Gum disease affects the tissues that both surround and support the tooth. Bacteria cause the formation of toxins to form, which irritate the gums. This often presents as bleeding or swollen gums, pain and sometimes as bad breath.
In its more severe form, loss of gum attachment to the tooth and supporting bone causes “pockets” and loosening of teeth. The main causes of gum disease are poor oral hygiene and tobacco use.
Gum disease is contagious. Gum disease-causing bacteria can be passed from parents to children and exchanged between men and women living together by kissing, sharing silverware, utensils, saliva, drinking cups and other items.
Chronic bad breath is a sign of gum disease. Persistent bad breath or a bad taste in the mouth may be a warning sign of gum disease. Other dental causes of bad breath include poorly fitting dental appliances, yeast infections of the mouth, dry mouth and dental caries.
Saliva washes away food and neutralizes acids produced by bacteria in the mouth, helping to protect you from microbes that multiply and lead to disease.
Certain medications — such as decongestants, antihistamines, painkillers, diuretics, and antidepressants — can reduce saliva flow.
Many other diseases and illnesses may cause bad breath. Here are some: respiratory tract infections such as chronic sinus infections, bronchitis or pneumonia diabetes, allergic rhinitis, chronic acid reflux, and liver or kidney problems.
Gum disease may be linked to other serious conditions, including heart disease, stroke, Alzheimer’s, diabetes and more.
As a child, losing a tooth feels like a rite of passage on the journey to adulthood. But as a grown-up, it’s a distressing and irreversible experience with long-lasting consequences for the look and feel of your mouth and even your self-confidence.
Dental caries and gum diseases are major causes of tooth loss. Severe tooth loss is widespread and particularly seen among older people.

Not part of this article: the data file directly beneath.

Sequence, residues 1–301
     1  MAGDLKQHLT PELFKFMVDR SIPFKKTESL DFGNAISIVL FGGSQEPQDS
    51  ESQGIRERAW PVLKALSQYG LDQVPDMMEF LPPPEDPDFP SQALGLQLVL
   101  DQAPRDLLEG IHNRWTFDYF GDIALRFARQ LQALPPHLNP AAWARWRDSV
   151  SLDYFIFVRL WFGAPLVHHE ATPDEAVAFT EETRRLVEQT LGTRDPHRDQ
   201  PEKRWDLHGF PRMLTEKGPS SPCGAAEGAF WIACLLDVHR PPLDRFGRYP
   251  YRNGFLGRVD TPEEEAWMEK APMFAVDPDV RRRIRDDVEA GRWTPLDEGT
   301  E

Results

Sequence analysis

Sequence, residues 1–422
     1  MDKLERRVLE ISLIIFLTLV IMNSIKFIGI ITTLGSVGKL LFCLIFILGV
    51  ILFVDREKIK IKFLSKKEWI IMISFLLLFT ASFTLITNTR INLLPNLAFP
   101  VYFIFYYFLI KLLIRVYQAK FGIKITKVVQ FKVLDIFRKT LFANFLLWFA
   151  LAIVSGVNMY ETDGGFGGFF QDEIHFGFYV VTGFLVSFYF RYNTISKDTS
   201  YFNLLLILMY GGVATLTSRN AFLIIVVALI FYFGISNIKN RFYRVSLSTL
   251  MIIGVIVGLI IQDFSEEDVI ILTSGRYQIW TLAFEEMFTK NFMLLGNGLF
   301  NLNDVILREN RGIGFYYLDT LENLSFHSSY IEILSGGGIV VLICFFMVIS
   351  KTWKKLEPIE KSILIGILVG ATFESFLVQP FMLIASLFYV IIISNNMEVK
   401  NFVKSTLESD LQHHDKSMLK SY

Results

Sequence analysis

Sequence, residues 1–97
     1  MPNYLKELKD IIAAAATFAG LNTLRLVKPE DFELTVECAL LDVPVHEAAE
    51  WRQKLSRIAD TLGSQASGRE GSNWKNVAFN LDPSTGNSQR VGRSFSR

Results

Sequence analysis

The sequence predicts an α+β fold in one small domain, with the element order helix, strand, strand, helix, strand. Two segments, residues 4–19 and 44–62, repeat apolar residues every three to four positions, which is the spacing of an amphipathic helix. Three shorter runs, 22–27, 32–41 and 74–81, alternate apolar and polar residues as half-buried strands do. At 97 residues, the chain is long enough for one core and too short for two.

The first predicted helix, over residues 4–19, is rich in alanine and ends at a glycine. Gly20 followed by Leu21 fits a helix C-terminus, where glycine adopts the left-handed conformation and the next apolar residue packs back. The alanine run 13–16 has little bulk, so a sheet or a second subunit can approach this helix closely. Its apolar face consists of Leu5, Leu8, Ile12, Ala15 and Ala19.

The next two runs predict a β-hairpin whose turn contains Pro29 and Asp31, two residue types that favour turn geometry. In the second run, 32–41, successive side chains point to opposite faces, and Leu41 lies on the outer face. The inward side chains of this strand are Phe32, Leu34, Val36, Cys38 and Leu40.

Tooth loss affects overall health and quality of life. Teeth play an important role in speech, eating ability, facial appearance, and quality of life.
Losing a tooth can cause surrounding teeth to shift and bacteria to accumulate under the gum line, resulting in further gum disease and loss of bone and tissue.
Oral cancer includes cancers of the lip and all subsites of the oral cavity, and oropharynx. The incidence of oral cancer in the world is estimated at 4 cases per 100 000 people.
Oral cancer is more common in men, in older people, and varies strongly by the socioeconomic condition.
Oral cancers are most often discovered after they’ve spread to the lymph nodes of the neck. Tobacco and alcohol are among the leading causes of oral cancer.
A diet low in fruits and vegetables may play a role in oral cancer development. Regular dental check-ups that include an examination of the entire head and neck can be vital in detecting cancer early.
Oro-dental trauma is an impact injury to the teeth and/or other hard or soft tissues within and around the mouth and oral cavity.
Traumatic dental injuries often occur as a result of an accident or sports injury. The world prevalence of traumatic dental injuries is around 20%.